It’s Monday Grace!
Last week I wrote about the “weaker brother.” I have also noticed a strange, perhaps reactionary, claim from some to be “stronger.” They celebrate their “strength” by revealing the sinful compromises in their lives.
A couple years ago it seemed popular for people from certain groups to post pictures of the liquor bottles emptied at their Christian group meetings. The bottles would be lined up on the counter with a note that said something like, “Great fellowship last night!” This was supposed to impress us by showing us how free and strong the posters were.
All kinds of things that were forbidden by the legalist culture are flaunted today by these “strong” believers. They display these actions as evidence of their superior understanding under grace.
Now, before I go any further, I want to make it clear that I don’t care about your use of alcohol. Nor do I really care about having wine or beer at a Christian gathering. Those limitations are particularly American evangelical and the rest of the world, through history, has not been overly concerned about them. But they do not show that you are strong.
I would suggest that displaying these actions as evidence of strength is rather a sign of weakness. One is not strong because he can show off what others believe to be compromises. The desire to shame, or tempt, or scold others does not come from strength.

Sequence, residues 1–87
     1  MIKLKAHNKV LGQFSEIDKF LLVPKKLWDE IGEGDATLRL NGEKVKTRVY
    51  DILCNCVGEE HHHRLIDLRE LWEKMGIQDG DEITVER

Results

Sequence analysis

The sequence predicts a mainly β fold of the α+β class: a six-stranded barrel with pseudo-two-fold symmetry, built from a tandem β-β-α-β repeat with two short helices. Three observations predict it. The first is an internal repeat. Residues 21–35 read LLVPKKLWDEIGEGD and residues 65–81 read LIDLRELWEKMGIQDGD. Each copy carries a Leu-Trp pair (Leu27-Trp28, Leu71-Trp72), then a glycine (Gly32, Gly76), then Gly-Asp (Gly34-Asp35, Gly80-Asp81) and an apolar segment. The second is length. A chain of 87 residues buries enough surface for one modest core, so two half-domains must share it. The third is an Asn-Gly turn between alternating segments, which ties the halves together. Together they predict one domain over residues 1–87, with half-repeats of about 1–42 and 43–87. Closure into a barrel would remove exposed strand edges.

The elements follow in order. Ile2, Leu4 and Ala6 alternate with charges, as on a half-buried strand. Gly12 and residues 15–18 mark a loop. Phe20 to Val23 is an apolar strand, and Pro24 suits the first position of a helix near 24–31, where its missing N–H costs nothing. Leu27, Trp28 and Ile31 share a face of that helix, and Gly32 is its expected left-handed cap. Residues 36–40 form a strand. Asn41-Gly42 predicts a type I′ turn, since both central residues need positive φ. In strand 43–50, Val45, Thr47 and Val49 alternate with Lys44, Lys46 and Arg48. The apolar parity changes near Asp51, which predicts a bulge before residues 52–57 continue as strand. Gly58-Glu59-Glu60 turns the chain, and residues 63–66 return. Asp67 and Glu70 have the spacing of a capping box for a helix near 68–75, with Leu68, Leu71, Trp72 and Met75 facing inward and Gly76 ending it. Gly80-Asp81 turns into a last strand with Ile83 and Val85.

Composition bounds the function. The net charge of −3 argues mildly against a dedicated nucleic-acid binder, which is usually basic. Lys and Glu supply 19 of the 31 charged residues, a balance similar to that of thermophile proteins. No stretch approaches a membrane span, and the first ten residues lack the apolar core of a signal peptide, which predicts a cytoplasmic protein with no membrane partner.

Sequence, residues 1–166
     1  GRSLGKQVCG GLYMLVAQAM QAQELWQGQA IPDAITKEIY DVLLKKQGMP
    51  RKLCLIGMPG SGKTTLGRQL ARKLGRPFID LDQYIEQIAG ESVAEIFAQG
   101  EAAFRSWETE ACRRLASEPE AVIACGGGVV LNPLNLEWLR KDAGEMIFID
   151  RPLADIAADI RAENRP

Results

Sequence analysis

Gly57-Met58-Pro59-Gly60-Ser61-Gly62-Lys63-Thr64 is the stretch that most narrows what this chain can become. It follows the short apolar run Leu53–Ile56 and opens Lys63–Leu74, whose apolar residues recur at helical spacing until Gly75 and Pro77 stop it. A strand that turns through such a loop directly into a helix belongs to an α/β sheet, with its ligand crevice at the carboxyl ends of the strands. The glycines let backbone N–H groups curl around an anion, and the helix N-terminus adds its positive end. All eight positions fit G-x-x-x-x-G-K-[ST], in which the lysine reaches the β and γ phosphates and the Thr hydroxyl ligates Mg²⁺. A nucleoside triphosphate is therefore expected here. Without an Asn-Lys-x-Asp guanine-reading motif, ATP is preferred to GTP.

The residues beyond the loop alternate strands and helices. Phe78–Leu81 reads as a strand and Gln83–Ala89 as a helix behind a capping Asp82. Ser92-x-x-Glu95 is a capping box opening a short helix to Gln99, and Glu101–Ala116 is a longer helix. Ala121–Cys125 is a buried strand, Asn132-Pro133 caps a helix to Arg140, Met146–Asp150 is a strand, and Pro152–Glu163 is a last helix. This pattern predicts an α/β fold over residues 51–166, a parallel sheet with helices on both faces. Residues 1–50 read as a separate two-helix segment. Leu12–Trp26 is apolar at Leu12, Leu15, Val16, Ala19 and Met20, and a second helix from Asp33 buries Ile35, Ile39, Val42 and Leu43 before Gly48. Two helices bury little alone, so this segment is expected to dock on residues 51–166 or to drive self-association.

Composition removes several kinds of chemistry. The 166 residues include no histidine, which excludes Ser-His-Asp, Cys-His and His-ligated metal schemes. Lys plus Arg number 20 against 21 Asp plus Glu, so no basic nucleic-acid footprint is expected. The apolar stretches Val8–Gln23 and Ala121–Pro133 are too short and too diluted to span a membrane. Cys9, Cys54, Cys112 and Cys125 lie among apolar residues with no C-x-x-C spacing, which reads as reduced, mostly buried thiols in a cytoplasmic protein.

To be “strong in the Lord” is to walk in freedom and in love. In fact, the one time the phrase is used (Ephesians 6:10) it follows admonitions to honor parents and obey slavemasters. It is to live in freedom even while enduring restrictions. To be strong in the Lord is to stand for Him when trouble comes. The call is followed by the command to take up the armor of God in fighting the evil one.
Strong believers do not walk through life mocking others who are weak. Nor do they make fun of those who hold to different standards. They simply live their relationship with the Lord in the freedom He gives them. They eat and drink without concern about defilement. They interact with the world as Jesus leads them without fear or judgment or compromise.
Be strong in the Lord. That’s a good thing. And keep your mouth shut about your freedoms, especially around those who are still learning and struggling. It is not your job to tempt others. In fact, you don’t even want to work for the one who tempts them.